This week, a red kite twice tried to snatch a woman’s dog as she walked in fields near her home in the Cookham area of Berkshire. She managed to scare it off, but the incident raises the issue of whether or not the reintroduction of these birds, beautiful as they undoubtedly are, has been the success the RSPB claims.
Red kites were reintroduced to the Chilterns in 1989 and there are now more than 600 breeding pairs. The RSPB and local conservation groups have been continually trying to convince landowners, gamekeepers and members of the public that the birds pose no threat to livestock, game birds or pets.
The RSPB’s media manager, Gemma Butlin, insists red kites subsist on worms and carrion. “I’ve never heard of a case of a kite taking a pet rabbit or guinea pig to date,” she said. “They are big for a kite to take and there are much easier meals around in the countryside.” Describing the attacks as “very unusual”, she added: “Red kites are opportunistic hunters and they feed mostly on dead animals…They are not designed to catch agile prey, and are much better suited to scavenging for carrion.”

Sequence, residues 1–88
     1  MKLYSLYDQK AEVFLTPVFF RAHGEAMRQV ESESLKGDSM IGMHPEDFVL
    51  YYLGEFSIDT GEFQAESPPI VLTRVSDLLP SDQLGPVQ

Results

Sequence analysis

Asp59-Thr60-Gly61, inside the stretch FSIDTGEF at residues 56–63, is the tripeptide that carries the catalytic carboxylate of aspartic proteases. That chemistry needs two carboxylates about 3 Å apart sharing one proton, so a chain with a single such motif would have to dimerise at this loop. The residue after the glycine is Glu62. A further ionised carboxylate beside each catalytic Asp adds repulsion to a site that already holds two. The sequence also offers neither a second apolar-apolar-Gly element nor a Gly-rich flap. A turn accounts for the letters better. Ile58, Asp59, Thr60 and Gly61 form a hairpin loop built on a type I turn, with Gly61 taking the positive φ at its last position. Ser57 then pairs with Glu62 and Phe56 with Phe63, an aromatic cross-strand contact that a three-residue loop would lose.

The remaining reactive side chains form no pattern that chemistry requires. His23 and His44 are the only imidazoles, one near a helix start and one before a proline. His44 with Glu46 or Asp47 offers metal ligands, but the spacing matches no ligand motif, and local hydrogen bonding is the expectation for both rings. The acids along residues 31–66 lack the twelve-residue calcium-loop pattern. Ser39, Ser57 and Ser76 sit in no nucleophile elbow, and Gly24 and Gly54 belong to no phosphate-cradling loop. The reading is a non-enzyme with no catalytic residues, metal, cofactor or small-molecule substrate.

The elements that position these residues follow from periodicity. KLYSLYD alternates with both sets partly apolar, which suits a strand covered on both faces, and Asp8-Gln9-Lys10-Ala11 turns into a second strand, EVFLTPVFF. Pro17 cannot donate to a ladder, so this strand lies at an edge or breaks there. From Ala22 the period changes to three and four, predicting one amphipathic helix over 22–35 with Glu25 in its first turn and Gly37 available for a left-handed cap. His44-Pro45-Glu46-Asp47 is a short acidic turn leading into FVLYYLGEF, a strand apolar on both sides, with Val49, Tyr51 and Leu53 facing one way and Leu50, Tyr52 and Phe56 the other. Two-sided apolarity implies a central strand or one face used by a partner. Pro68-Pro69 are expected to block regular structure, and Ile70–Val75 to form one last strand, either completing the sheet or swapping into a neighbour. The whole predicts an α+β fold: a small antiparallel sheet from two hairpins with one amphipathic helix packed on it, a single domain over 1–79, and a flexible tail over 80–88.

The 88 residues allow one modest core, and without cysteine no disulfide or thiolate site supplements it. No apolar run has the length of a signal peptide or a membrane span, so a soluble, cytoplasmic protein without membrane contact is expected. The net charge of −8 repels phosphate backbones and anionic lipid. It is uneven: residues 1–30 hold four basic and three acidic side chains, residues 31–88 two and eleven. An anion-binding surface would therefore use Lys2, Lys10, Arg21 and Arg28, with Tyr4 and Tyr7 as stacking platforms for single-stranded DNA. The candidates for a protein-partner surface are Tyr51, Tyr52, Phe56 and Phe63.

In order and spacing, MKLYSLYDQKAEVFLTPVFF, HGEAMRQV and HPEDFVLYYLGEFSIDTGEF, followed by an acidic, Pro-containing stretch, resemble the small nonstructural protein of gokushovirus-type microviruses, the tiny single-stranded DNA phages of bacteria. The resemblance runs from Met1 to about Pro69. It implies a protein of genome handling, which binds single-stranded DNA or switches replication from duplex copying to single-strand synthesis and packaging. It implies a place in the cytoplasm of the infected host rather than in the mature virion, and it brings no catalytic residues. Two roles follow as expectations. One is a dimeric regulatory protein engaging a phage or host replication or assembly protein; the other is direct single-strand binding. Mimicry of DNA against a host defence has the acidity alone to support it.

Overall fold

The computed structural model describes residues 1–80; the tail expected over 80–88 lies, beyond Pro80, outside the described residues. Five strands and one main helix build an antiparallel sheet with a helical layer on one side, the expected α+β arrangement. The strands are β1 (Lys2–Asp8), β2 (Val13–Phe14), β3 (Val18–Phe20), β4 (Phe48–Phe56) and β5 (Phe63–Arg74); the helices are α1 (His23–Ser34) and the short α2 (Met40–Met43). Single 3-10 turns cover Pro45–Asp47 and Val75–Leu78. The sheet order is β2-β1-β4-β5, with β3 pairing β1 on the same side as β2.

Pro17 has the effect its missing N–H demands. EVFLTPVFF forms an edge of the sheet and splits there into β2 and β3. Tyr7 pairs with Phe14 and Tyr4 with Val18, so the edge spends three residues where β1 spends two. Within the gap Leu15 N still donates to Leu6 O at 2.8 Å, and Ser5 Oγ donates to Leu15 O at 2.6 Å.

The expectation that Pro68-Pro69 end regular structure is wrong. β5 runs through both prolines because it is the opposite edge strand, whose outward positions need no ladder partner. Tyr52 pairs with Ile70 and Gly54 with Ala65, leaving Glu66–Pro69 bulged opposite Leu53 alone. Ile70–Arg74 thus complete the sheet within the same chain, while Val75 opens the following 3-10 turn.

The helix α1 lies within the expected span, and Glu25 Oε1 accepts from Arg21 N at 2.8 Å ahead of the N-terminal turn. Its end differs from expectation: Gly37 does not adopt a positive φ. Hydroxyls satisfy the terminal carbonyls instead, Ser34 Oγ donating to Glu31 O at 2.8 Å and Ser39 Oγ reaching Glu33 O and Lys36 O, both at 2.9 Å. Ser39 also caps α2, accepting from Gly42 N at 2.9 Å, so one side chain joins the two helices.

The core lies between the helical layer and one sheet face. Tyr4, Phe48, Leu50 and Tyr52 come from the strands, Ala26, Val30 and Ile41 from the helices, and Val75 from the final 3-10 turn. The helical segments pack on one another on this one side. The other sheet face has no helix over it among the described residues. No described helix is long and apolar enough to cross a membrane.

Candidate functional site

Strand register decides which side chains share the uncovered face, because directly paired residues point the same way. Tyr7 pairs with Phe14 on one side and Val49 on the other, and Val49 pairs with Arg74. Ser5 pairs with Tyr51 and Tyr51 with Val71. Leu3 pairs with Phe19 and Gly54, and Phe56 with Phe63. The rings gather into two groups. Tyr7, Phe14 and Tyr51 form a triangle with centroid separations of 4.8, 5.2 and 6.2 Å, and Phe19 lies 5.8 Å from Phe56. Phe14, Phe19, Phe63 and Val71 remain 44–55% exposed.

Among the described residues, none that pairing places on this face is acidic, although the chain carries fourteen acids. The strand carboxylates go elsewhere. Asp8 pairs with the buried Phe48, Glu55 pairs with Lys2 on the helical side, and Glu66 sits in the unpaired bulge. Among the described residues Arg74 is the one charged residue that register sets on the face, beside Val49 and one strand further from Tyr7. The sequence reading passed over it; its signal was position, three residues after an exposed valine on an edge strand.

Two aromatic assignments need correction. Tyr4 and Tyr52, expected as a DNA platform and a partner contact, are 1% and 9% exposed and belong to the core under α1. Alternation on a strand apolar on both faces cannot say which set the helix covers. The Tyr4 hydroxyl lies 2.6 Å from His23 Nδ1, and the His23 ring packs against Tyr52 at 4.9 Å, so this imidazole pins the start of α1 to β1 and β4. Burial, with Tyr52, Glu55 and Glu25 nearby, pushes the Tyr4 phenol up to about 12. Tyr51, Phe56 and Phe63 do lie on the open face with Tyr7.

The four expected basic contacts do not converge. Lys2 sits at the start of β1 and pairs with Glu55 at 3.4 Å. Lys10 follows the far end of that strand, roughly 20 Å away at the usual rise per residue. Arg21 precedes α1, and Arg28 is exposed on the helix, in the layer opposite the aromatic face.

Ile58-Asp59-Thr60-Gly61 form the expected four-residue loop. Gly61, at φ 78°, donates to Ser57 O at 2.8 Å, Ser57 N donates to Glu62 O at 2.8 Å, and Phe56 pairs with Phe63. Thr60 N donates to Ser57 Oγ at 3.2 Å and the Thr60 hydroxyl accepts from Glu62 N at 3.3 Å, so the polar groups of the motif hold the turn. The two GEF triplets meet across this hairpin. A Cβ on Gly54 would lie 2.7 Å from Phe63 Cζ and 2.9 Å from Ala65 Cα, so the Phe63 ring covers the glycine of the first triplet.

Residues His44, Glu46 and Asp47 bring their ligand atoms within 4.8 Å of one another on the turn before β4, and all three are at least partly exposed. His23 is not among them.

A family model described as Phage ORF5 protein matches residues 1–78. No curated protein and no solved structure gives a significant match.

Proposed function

Carrion? Red kites will eat whatever they’re carryin’! They are primarily, but not exclusively, scavengers. The reintroduction has not been thought through properly and the RSPB and their conservationist friends should come clean about it.